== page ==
Or Why I Started This Web Site

My Album Art for my iTunes Library

Years ago, Album Art or Album Cover or Album Artwork does not matter. It comes with your LP. It comes with your CD. But it is not something that you worry too much about. You look at it, put it back to the jewel case and then you keep it in your shelf or rack or shoebox and just enjoy your music.

Then came Apple and the first generation iPod. When Apple came out with that revolutionary product, it kicks off the MP3 craze (sorry, Creative, I know you came first but…). Album art was still, however, not something you cared. Properly tagged MP3 files are (you know, the MP3 file must be tagged with the right artist name, right album name, right release year, right gene, right composer.. you get the idea..).

Then came iPod with the colour display. Album Art was re-introduced as a real art form. People realised that they do want to make good use of those bright color pixels on the iPod screen. Then when CoverFlow was purchased by Apple in 2006, and its technology was integrated into its iTunes 7. People start to realize that there is probably a need to fill out this blank square in the iTunes library.

Album Art suddenly matters. Really matters to me personally.

If done correctly, it is embedded in your MP3 file and when you use iTunes or use your beautiful ipod nano or ipod classic, a properly formatted album art is in fully glory and is just a great companion to the songs. If you have a iPod Touch or a iPhone, Cover Flow is incorporated to it and album art then takes a different amazing experience.

I bought my first iPod when Apple introduced the iPod nano. I never looked back and thus begin my journey of self obsession with my iPod. I think they called us 封面党 in China. Every MP3 track in my iPod must be properly tagged. Every MP3 track in my iPod must have the lyrics. Every MP3 track must be traced back to the original album where the first time the song appeared. Every track must be tagged up in proper Unicode format (since I listen to mostly Asian songs). And of course, my track must have a proper decent album artwork.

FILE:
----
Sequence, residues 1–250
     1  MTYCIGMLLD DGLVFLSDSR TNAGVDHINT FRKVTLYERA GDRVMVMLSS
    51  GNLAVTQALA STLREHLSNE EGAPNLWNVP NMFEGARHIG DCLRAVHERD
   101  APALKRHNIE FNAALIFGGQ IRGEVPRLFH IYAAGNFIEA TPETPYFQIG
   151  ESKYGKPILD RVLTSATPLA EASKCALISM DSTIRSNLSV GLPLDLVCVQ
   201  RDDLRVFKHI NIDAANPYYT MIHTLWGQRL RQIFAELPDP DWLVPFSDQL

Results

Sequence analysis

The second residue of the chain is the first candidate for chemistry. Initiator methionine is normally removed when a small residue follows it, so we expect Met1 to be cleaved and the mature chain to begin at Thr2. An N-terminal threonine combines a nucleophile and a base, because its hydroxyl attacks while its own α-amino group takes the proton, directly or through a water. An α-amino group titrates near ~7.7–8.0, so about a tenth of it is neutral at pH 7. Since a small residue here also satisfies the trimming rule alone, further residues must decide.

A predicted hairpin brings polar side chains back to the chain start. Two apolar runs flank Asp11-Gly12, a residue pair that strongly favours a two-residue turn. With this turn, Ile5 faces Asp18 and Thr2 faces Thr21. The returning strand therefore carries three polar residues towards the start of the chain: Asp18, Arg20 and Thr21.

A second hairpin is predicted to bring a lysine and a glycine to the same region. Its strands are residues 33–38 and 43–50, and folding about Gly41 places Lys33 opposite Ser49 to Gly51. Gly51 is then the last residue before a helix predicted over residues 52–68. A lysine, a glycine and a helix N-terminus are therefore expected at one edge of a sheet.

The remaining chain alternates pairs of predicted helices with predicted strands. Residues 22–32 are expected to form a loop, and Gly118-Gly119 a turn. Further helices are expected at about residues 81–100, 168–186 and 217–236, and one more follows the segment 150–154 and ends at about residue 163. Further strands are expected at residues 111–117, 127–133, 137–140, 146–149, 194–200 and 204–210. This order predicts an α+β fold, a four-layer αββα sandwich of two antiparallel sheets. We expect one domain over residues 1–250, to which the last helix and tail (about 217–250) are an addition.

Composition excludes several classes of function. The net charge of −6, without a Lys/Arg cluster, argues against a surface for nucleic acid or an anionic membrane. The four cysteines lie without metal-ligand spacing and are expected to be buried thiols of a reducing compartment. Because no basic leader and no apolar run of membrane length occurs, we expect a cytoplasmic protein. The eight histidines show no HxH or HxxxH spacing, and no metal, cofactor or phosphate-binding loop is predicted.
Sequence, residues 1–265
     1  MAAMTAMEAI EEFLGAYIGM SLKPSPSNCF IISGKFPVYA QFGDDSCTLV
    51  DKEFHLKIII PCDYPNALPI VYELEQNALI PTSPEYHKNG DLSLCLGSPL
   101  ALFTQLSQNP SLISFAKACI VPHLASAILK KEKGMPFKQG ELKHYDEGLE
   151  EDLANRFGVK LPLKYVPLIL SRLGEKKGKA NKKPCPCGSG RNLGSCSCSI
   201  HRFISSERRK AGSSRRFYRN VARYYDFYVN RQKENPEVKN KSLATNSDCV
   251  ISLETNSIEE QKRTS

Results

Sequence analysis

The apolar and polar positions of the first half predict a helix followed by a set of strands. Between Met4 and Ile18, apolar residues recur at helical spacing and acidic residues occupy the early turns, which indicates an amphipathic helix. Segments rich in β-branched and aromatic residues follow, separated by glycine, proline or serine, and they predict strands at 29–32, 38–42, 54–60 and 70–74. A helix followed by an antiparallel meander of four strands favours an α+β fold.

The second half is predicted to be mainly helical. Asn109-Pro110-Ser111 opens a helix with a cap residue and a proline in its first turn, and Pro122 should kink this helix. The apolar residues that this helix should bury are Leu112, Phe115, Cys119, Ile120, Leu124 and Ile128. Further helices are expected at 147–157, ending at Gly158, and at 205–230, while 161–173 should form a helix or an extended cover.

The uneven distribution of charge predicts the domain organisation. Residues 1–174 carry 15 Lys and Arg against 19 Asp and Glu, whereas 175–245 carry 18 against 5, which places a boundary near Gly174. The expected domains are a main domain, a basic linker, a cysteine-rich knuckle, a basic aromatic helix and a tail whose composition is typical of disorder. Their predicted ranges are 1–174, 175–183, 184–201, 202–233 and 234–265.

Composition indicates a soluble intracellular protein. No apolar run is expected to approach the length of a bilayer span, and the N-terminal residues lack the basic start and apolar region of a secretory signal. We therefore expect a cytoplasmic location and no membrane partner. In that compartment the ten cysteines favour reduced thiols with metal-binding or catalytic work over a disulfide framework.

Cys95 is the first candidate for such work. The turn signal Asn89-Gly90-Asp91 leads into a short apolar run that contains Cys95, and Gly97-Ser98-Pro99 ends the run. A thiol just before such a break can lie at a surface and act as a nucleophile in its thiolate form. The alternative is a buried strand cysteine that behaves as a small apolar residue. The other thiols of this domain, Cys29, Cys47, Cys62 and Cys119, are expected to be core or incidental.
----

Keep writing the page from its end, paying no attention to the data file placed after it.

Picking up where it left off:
To me, a properly sized album is at 500×500 dimension. Some called it an overkill (but hey, I think Apple iTunes stores’ songs are at 600×600 !). But that’s me. me. me.

Over time, I find it frustrating that it is difficult to automatically find properly sized album art for Chinese albums. For English albums, there are tons of tools and tons of great album art. Not so for Chinese. For my own CDs, that’s fine. I can scan them and then size them properly. For the rest of the MP3 tracks I found on the web, it is not so easy. I do find a lot of album art for Chinese albums that are either too small or even come with watermark embedded in them. I absolutely hate that. I find it crazy. What’s the freaking point !

I personally want a web site of album art that are easy to use in my beloved MP3 player. That’s why I started this blog. To upload and share album art of Chinese CDs from wherever I scan them, found them, downloaded them, copied them etc. I don’t claim to be the owner of all but I do cleaned all up nicely.

I also decided I will regularly blog about my obsession on how I tagged my MP3 songs, added lyrics to them, about how I find and size up my album art. Or maybe whatever new stuff I am doing or learning from others about my iPod, my iTunes or my MP3 files.

You are welcome to use these album art and share them. I am open to that.